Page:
Cayman’s genetically modified mosquito project has not worked as effectively as government hoped and will be abandoned, Health Minister Dwayne Seymour said Thursday.
He told legislators that there were no plans for any further investment in the technology, pioneered by British biotech firm Oxitec, which had partnered with Cayman’s Mosquito Research and Control Unit over the past few years.
Mr. Seymour said, “Their tenure comes to an end Dec. 31 and that will be, I think, the final time you will hear about Oxitec, at least being paid by the government.
“I have always had my concerns about the method, although I always want to try new methods and be a trailblazer too. It needs to work and it wasn’t getting the results we thought we could get.”
Mr. Seymour’s statement during a Finance Committee hearing Thursday was far more definitive than any earlier public statements on the future of the program. Oxitec and MRCU released a joint statement earlier this month indicating that they were winding down this year’s trial deployment, but both parties insisted they were open to future collaboration.
Asked for comment Saturday, Oxitec said in a statement that it was still discussing the details of future partnership with the MRCU and refuted suggestions that the technology had not worked.
Oxitec breeds male mosquitoes with a genetic modification that ensures their offspring die before reaching adulthood. The technique involves releasing millions of them into the wild so that, through weight of numbers, they will out-compete the resident males for mates and the population will collapse.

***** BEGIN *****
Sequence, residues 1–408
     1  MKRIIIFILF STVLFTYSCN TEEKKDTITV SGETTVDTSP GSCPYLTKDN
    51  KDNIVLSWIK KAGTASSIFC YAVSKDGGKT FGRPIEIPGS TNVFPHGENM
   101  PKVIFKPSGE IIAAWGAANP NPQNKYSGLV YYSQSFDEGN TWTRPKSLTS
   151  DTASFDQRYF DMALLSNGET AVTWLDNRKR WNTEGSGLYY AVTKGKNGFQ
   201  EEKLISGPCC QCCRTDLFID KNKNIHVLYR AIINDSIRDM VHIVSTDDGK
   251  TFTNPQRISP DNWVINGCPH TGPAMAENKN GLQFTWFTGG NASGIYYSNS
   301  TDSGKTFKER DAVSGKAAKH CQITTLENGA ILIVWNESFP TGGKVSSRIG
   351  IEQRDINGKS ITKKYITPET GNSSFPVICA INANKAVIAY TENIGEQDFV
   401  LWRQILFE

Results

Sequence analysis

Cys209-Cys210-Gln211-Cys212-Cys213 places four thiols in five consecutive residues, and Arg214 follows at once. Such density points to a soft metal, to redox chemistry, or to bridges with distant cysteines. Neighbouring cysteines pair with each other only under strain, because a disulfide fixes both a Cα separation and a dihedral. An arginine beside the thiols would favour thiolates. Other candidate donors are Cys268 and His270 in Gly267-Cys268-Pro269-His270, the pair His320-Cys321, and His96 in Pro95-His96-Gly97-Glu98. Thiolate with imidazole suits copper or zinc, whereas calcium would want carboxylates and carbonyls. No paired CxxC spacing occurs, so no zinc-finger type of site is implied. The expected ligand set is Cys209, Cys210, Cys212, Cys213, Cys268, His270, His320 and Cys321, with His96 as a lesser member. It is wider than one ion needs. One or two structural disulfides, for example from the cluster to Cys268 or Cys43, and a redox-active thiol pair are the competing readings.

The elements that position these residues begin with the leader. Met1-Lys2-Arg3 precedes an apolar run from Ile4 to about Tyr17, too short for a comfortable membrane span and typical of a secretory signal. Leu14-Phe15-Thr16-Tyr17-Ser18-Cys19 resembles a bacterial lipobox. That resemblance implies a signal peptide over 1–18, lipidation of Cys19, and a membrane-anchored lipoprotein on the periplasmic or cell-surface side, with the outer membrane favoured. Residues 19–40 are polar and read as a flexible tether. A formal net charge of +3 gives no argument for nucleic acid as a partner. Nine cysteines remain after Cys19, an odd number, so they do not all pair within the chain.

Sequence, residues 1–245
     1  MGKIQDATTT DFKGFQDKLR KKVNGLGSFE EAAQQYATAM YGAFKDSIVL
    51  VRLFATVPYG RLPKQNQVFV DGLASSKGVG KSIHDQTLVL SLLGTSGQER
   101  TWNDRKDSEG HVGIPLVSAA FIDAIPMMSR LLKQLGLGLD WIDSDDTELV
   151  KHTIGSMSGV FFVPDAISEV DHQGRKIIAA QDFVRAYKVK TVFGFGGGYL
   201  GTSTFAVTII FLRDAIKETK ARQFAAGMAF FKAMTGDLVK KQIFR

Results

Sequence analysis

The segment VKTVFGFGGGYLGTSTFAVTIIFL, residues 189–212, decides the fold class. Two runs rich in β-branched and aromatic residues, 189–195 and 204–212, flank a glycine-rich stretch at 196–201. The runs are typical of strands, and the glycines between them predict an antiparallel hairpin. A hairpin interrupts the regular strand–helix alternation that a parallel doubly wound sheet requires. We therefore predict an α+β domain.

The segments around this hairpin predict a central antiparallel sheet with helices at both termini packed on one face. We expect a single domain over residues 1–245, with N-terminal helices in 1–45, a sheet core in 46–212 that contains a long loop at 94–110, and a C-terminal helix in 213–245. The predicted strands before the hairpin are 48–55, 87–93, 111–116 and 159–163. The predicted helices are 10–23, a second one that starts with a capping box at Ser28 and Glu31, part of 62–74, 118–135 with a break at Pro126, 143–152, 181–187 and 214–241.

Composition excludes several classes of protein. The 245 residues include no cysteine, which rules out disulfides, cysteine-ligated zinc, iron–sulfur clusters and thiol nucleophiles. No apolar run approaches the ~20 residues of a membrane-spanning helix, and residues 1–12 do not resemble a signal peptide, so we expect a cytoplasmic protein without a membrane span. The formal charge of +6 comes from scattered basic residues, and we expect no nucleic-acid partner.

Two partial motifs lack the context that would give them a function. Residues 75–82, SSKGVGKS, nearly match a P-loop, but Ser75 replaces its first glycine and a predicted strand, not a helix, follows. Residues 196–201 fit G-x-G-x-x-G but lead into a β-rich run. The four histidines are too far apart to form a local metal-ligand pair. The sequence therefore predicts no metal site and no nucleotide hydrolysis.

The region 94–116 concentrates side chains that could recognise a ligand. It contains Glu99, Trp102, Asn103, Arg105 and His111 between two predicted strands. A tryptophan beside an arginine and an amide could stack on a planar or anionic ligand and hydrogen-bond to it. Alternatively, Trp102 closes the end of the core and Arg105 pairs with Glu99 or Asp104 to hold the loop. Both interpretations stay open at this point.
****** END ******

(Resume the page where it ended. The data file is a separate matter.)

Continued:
The latest trial deployment, held in West Bay this year, was designed to test how they could be used alongside more traditional methods to control the population of Aedes aegypti mosquitoes, which can carry and spread diseases like dengue and Zika.
Oxitec said in a statement Saturday, “The results of this research collaboration are currently being analyzed by scientists on the program’s joint MRCU-Oxitec steering committee. While the steering committee has yet to finalize its evaluation of the data, the early indications are that the joint intervention achieved positive suppression results.
“This project was not designed to be an intervention, but rather a scientific evaluation of a new, integrated approach to combat Aedes aegypti using a scientific protocol that was jointly developed by MRCU and Oxitec.”
According to the statement, “both parties remain jointly committed to evaluating how best to integrate traditional vector control and Friendly Mosquitoes using scientific rigor.”
During Thursday’s debate, legislators expressed concern about public funds being spent on the project, which they claimed was not working.
Mr. Seymour said he had never been comfortable with the method. Other legislators applauded the decision to terminate the program.
Anthony Eden, an independent legislator for Savannah, said, “I’m glad to hear the minister is intending to take this action … It is not effective. In the district of West Bay, it was a 105 percent failure feeding these foreign mosquitoes to our Caymanians.”
Chris Saunders, MLA for Bodden Town West, questioned how much money had been spent on the project over the last several years.
He said, “Can the minister give this committee the undertaking to go look and see the money we have spent on this program? We can’t be spending money like this, it fails, and we walk away without learning from it.”
The Cayman Compass understands the $588,000 invested in this year’s trial is the only direct financial contribution government has made to the project. Previous test deployments have been funded by Oxitec, though they have involved the use of some government resources.
In 2017, then MRCU director Bill Petrie hailed the success of the technology and government was on the brink of signing an $8 million agreement to use the GM mosquitoes across the Cayman Islands. But that plan was aborted at the last minute in late 2017 amid budget cuts and concerns from MRCU scientists that the results claimed by Oxitec may have been overstated.